I have read somewhat extensively about Washington. At least in terms of America’s first President, Gaines is right on the money (as is Washington). His argument that Lafayette’s motives were similar is also very convincing. The argument that certain men of this era were obsessively preoccupied with reputation and virtue is very much in line with the thinking and writings of Gordon Wood, who has written extensively on the American Revolutionary generation’s belief system concerning self-image. My commentary on Wood’s Radicalism and the American Revolution is here and his Revolutionary Characters is here.
It is fascinating to examine how Lafayette took this belief system into his later years when he was immersed in the tumultuous and, at times, morally ambiguous setting of the French Revolution. Lafayette consistently took a moderate position and advocated for a constitutional monarchy in France. As Harlow Giles Unger does, Gains concludes that had Lafayette acted more decisively against radicals when he had the chance, his popularity and control of military forces would have been enough to prevent the French Revolution from descending into chaos and mass executions (I do not have a thorough enough grasp of the French Revolution to have a serious opinion on the validity of this theory). Gaines actually points out that Napoleon Bonaparte also reached the same conclusion when writing about the events of the French Revolution. The Marquis’ hesitance to do so resulted from his revulsion against the use of military force as a means to reach political ends. Such action would have destroyed his reputation as a lover of liberty and revolution in a moderate form.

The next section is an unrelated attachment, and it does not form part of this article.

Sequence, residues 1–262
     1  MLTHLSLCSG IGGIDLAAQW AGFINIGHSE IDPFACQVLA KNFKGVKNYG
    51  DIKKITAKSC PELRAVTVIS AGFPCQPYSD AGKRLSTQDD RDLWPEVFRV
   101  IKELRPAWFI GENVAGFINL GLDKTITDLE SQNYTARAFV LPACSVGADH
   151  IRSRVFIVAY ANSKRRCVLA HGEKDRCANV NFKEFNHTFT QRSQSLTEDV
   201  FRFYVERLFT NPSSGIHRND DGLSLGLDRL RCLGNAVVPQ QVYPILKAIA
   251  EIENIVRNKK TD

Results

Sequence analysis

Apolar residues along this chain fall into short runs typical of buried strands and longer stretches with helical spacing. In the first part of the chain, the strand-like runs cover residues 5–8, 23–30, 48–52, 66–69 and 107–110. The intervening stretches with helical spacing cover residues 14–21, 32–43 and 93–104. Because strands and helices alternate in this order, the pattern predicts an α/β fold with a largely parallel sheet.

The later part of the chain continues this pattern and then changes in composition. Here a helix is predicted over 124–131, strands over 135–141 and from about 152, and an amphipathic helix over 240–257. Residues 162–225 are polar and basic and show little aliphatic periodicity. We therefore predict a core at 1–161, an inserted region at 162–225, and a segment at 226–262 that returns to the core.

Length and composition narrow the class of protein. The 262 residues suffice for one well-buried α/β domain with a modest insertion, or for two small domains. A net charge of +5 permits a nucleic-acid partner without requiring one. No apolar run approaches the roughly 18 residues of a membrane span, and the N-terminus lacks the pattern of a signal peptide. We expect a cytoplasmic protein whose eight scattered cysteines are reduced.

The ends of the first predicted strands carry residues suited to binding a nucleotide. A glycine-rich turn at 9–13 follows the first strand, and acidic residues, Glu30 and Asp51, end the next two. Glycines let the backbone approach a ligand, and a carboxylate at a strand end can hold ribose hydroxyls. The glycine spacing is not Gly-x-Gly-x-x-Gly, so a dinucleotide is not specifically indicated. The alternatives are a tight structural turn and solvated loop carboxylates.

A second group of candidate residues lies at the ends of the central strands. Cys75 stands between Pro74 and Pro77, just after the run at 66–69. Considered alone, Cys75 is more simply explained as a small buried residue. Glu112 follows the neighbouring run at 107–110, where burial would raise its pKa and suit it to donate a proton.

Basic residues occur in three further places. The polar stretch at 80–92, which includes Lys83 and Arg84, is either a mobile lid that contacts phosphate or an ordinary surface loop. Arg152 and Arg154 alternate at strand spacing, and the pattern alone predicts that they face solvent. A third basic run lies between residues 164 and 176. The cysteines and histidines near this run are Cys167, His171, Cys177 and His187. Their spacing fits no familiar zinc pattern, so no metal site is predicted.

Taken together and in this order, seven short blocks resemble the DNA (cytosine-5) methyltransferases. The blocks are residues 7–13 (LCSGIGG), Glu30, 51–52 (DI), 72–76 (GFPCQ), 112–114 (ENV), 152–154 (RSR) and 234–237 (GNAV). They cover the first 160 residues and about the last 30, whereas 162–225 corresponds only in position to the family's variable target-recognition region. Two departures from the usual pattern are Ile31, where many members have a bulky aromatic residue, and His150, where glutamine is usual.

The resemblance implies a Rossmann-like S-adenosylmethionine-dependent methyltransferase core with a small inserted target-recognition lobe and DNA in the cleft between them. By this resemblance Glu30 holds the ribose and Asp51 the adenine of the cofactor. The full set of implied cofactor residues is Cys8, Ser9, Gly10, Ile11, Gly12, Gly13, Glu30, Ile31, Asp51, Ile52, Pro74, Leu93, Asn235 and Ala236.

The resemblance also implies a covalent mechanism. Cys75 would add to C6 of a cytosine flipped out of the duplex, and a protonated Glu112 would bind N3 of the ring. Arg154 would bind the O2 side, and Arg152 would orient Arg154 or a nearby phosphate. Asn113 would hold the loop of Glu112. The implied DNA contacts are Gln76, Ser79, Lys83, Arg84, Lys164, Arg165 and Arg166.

There are other very astute and worthwhile points made in this book. It is also a very engaging read. However, there are more complete biographies of both Washington and Lafayette and more complete histories of both Revolutions. Thus, this book is recommended, but only for those who are already interested in the subjects covered and are just hungry for more. Readers who fit this bill will, however, find this book very engaging.